According to NASA, a 26-minute nap can boost workplace performance by 34 percent. Daytime sleeping improves mood, creativity, and focus, all of which may make us better employees.

Many companies are actually embracing the idea and installing nap rooms. If yours doesn't, you can always hunker down under your desk a la George Costanza.

O: Organize your life (or at least your desk)
Clutter is a common stressor. If you can't find the files you need, either on your desk or in your emails, you can waste lots of precious time and energy.

Take some time to clean up your act and organize your files. It will soothe your soul.

P: Plan something fun
Knowing you have something wonderful to look forward to can bring a ray of hopeful sunshine into the most stressful day.

Make dinner reservations, order a great pair of shoes or a cool gadget, or plan a fabulous vacation (actual or fantasy) and your mood is sure to lift.

Q: Quit obsessing
Stop letting those nagging worries into your brain. You know what you need to do and you have a plan for doing it.

Shake off those doubts, even if you have to physically stand up and shake your hands and arms to symbolically ward them off.

R: Rethink that email
Instead of returning your co-worker's phone call or email, why not walk over to his or her desk and have a person-to-person conversation?

People are social beings who thrive on human contact. And, as a bonus, meeting face-to-face also reduces the risk of miscommunication. 

S: Stretch it out
Besides reducing muscle tension, stretching increases blood circulation, which increases energy.

Try these easy stretches: Clasp your hands above your head and stretch upward for a few seconds. Next, roll your head down and around a few times. Then, stand up and reach for the floor. Don't overdo it. Stretching should feel like a gentle tug, not an elastic band snapping.

T: Take a tea break
Try some chamomile tea, known for its calming properties. Or, sip an aromatic cup of antioxidant-filled green tea -- it's a wonderful way to take a few minutes for yourself, unwind and realize you're being kind to your body. 

U: Unload your baggage
Feel like venting? Don't bother your co-workers unless it's a work issue that you can discuss constructively. Unleash any negativity on a sympathetic friend. That's what they're there for. Just be sure you're available for them when they need to let off steam.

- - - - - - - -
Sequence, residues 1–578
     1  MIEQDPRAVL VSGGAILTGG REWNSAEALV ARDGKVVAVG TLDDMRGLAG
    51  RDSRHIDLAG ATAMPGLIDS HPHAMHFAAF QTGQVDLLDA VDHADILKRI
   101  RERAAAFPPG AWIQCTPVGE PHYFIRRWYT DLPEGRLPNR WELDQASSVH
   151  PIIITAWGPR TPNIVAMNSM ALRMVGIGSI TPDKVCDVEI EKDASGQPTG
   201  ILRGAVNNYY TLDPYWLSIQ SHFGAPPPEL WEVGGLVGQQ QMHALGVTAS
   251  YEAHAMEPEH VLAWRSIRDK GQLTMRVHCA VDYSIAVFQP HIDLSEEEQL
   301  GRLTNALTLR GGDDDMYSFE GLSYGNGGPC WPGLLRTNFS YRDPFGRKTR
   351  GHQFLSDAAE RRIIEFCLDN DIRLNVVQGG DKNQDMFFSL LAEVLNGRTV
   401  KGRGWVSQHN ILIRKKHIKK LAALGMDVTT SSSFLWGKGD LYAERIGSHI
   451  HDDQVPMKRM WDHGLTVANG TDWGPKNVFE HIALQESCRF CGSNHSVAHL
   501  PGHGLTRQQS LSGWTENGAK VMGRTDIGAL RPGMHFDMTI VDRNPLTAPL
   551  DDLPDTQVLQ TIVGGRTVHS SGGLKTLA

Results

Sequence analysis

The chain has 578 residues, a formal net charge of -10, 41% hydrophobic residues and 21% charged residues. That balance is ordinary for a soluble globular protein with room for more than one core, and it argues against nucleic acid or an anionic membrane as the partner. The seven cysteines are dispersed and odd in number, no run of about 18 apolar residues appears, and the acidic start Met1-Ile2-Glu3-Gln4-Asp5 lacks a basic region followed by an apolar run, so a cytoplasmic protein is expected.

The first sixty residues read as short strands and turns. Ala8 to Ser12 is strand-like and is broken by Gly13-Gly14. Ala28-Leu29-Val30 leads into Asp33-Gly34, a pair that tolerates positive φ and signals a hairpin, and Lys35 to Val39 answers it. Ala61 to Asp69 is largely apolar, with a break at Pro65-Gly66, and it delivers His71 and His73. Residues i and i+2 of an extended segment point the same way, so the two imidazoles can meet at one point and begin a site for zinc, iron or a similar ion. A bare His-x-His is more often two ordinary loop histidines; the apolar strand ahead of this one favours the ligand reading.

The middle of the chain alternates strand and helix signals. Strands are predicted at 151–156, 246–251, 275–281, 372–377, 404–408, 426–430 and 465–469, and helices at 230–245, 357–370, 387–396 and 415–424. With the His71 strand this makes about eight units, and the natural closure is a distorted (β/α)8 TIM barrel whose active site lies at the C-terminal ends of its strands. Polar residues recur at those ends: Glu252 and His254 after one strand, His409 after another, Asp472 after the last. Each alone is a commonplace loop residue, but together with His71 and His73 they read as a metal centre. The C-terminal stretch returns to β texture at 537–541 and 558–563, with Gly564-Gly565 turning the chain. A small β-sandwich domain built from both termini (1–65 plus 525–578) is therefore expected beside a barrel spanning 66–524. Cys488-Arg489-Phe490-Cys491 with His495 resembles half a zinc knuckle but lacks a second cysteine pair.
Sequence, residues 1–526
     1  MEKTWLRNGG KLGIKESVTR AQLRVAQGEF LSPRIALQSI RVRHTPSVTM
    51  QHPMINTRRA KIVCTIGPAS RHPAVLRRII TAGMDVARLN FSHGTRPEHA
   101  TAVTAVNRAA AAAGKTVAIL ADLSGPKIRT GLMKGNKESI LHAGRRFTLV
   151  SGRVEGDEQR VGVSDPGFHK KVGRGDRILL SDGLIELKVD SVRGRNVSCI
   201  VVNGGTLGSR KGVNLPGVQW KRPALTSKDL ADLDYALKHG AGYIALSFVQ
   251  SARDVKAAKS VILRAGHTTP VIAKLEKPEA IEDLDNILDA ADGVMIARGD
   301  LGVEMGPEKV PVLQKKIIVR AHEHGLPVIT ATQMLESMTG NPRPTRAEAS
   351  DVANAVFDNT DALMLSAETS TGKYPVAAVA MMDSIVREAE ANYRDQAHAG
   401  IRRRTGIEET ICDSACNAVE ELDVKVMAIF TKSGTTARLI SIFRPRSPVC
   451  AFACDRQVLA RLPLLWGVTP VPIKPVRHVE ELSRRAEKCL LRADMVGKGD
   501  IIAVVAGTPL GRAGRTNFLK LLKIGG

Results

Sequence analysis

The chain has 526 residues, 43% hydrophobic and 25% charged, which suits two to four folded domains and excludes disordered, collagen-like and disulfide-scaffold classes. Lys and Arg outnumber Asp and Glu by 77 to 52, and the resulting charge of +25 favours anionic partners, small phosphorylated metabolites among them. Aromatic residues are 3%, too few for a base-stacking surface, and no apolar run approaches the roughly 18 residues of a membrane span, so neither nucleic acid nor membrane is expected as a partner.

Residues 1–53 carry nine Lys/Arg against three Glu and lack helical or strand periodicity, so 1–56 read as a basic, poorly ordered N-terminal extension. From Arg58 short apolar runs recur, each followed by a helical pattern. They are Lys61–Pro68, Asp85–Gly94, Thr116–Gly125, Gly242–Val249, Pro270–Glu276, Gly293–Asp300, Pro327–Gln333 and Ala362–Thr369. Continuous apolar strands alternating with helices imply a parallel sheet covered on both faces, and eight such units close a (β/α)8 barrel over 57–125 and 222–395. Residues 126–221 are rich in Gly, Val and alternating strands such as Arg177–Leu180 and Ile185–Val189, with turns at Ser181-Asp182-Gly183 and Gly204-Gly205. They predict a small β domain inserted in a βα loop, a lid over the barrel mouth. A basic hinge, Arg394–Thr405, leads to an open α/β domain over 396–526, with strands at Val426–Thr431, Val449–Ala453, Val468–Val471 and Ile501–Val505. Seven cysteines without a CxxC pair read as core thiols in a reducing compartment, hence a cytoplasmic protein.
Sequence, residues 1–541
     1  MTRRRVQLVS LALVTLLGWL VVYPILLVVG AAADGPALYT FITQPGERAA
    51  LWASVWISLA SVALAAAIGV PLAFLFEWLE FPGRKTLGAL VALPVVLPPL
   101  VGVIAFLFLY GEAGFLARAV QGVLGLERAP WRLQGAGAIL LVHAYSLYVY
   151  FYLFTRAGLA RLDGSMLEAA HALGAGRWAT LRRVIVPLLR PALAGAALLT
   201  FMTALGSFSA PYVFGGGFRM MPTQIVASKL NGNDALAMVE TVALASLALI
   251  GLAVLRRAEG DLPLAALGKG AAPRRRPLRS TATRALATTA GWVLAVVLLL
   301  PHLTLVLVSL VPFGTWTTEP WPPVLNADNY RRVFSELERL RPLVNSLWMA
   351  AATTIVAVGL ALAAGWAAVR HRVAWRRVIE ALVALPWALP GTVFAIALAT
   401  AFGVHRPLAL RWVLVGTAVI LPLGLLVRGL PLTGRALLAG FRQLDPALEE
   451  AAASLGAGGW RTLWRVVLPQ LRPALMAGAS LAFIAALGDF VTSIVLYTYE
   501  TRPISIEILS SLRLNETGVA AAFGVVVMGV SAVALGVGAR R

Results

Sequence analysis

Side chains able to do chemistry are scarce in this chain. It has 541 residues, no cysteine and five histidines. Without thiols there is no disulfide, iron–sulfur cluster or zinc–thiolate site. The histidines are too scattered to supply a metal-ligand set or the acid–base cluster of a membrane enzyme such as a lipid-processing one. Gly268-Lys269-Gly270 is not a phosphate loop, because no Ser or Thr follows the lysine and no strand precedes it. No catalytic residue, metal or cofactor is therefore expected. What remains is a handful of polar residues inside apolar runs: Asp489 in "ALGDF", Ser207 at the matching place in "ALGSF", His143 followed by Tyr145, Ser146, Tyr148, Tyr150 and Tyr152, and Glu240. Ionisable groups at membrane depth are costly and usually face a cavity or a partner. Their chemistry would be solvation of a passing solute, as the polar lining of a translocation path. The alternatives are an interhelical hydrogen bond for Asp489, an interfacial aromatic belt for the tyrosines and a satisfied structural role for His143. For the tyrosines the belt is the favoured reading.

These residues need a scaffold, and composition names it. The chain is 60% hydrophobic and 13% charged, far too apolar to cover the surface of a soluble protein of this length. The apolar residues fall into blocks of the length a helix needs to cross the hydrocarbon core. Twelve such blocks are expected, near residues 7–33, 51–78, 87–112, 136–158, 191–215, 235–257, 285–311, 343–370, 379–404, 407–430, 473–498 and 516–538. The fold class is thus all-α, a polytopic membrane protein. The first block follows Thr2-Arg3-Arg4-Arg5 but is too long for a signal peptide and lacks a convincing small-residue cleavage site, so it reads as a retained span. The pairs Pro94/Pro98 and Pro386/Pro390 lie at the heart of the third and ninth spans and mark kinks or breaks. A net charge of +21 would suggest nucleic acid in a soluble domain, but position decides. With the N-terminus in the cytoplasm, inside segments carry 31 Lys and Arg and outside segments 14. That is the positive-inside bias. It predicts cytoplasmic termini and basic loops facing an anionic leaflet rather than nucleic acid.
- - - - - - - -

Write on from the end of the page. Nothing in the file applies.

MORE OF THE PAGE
V: Vitamin up
If you're not already taking a daily multi-vitamin, start now. Particularly helpful for relieving stress are B-complex vitamins, vitamin C and calcium. And don't forget fish oil.

You may also want to research which herbal remedies are recommended for stress reduction

W: Walk it off
Getting away from your desk for a little bit helps you relax, refresh and refocus. If there's no place to walk near your office, try walking the stairs a few times.

X: X out excess meetings
Is your calendar screaming for mercy? You know, you don't have to accept every meeting. Some people "meeting happy" and some meetings are huge time wasters.
If your commitments are leaving you no time to do your own work, cancel or postpone some of the worst offenders.

Y: Yoga your way to inner peace
Whether you practice poses during lunch or before or after work, the wonderful calming effects of yoga linger to carry you peacefully through a potentially stressful day.

Some offices offer yoga sessions during lunch, but beware: Seeing the boss’s downward facing dog might defeat the purpose.

Z: Zone out
When pressure is building up, let out steam by virtually escaping. Look out a window and daydream or put on your headphones and listen to whatever music takes you away from the turbulent office environment. Just be careful you don't start singing along with Britney. It's louder than you think.

Now that you've got the skinny on de-stressing, you're ready to be the office guru and rise above the fray. In the spirit of your newfound knowledge, why not share the wealth (and this article) and help your co-workers find serenity too? Namaste.